Water's density maximum at 4°C has some interesting consequences in the aquatic ecology of lakes. In all but the most shallow lakes, the water tends to be stratified, so that for most of the year, the denser water remains near the bottom and mixes very little with the less-dense waters above. Because water has its density maximum at 4°C, the bottom waters of deep lakes (and of the oceans) usually stay around 4°C at all times of the year . In the summer this will be the coldest water, but in the winter , the surface waters lose heat to the atmosphere and if they cool below 4°, they will be colder than the more dense waters below.
When the weather turns cold in the fall, the surface waters lose heat and cool to 4°C . This more dense layer of water sinks to the bottom, displacing the water below, which rises to the surface and restores nutrients that were removed when dead algae sank to the bottom. This “fall turnover” renews the lake for the next season.
The density of water containing dissolved salts is greater than that of pure water, and the density increases with the salt concentration (salinity). This seemingly trivial fact exerts a profound effect on our planet, driving the circulation in the oceans and affecting the climate and oceanic productivity.
The world's oceans consist of two huge reservoirs, one on top of the other. The upper ocean comprises about 5% of the total volume; owing to turbulence produced by wind and waves, its vertical profile is fairly uniform in composition and temperature. Its currents are driven mainly by surface winds which exert little effect below about 100 meters or so.
The remaining 95% of the ocean's volume resides in a deeper and colder layer. The temperature and density of this bottom ocean increase with depth, the coldest (4° C, and therefore the most dense) water being at the sea floor. So unlike the well-mixed upper ocean, the bottom one is stratified, similarly to that of lakes in cold winters.
Owing to this permanent stratification, mixing between the upper and lower oceans is very slow; only about 0.01% moves between the two layers per year. The mean residence time of a water molecule in the deep layer is about 1600 years. If it were not for cold polar winters, there would be very little movement of water in the bottom ocean.
But when seasonal ice begins to form in the polar regions,"holes" open up that allow water to drain from the upper ocean to the lower one. Because the salts dissolved in seawater cannot be accommodated within the ice structure, they are largely excluded from the new ice and remain in solution. This increases the salinity, and thus the density, of the surrounding unfrozen water, causing it to sink into the bottom ocean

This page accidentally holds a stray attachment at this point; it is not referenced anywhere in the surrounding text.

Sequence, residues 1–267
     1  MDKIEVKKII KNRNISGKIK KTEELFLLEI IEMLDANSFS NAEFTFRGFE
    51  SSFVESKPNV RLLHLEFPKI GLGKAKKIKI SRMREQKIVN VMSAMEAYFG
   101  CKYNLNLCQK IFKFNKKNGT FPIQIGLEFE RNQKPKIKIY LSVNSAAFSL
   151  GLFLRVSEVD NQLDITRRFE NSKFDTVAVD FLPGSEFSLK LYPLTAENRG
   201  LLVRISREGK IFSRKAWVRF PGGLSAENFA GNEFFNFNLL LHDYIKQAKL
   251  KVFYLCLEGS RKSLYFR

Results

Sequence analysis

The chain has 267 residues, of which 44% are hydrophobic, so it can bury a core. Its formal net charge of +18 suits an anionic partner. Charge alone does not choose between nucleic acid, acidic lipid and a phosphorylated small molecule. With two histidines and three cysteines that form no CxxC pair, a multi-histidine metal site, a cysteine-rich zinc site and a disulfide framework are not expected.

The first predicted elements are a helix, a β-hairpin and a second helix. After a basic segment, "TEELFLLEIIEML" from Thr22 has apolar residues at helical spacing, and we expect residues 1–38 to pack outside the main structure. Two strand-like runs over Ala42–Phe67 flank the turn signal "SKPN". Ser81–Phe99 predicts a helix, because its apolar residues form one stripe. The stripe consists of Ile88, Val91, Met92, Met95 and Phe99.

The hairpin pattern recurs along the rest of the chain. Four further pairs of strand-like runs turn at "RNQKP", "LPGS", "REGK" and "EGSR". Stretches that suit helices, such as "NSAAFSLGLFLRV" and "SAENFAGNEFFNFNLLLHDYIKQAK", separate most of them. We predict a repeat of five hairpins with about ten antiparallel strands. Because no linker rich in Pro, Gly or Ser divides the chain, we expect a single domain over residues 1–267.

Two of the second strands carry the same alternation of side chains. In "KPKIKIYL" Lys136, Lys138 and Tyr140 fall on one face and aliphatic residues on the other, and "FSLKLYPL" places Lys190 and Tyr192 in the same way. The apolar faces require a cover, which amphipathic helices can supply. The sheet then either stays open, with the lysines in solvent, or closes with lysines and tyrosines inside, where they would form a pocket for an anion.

There are two major locations at which surface waters enter the deep ocean. The northern entry point is in the Norwegian Sea off Greenland; this water forms a mass known as the North Atlantic Deep Water (NADW) which flows southward across the equator.
Most of the transport into the deep ocean takes place in the Weddell Sea off the coast of Antarctica. The highly saline water flows down the submerged Antarctic Slope to begin a 5000-year trip to the north across the bottom of the ocean. This is the major route by which dissolved CO2 and O2 (which are more soluble in this cold water) are transported into the deep ocean where it forms a water mass known as the Antarctic Bottom Water (AABW) which can be traced into all three oceans.
As the cold water drains into the deep ocean. it spills over ridges and valleys, creating huge undersea cascades which rival the greatest terrestrial waterfalls in height and the largest rivers in volume. These deep water currents are much slower than the surface currents; estimated rates are of the order of kilometers per month, in contrast to the few kilometers per hour of surface waters.
As the cold water begins to fill up the bottom ocean, it displaces the less dense bottom water, pushing it back up into the upper ocean. This recirculation occurs to a small extent in many regions, but is especially pronounced along continental coasts where prevailing winds tend to roll surface waters over.
The deep ocean contains few organisms to deplete the water of the nutrients it receives from the remains of the dead organisms raining down from above; this upwelled water is therefor exceptionally rich in nutrients, and strongly encourages the growth of new organisms that extend up the food chain to fish. For example, the upwelling that occurs off the west coast of South America is responsible for the Peruvian fishing and guano fertilizer industry.